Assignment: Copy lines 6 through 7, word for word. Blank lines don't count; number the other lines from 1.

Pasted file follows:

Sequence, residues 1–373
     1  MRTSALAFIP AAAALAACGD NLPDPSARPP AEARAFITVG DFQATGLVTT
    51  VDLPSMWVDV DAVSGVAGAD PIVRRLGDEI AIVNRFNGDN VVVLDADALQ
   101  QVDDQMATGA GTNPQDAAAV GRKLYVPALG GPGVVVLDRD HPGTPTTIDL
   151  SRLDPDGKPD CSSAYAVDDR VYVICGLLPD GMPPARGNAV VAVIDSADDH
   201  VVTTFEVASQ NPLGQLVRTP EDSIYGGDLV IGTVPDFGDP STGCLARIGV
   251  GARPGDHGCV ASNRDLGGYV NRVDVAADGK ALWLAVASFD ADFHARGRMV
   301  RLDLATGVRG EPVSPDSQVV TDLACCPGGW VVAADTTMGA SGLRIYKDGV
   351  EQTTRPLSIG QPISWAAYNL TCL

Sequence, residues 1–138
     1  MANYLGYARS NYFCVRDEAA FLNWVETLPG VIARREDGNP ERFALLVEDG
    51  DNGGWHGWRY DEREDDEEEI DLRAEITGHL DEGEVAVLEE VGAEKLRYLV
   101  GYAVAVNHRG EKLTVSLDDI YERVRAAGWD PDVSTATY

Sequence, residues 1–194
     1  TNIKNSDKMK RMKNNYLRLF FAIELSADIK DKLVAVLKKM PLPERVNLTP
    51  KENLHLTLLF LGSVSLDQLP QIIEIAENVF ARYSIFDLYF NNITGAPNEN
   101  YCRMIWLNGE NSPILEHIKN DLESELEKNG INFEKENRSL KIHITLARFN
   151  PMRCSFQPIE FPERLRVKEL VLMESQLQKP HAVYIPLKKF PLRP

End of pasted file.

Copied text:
   201  VVTTFEVASQ NPLGQLVRTP EDSIYGGDLV IGTVPDFGDP STGCLARIGV
   251  GARPGDHGCV ASNRDLGGYV NRVDVAADGK ALWLAVASFD ADFHARGRMV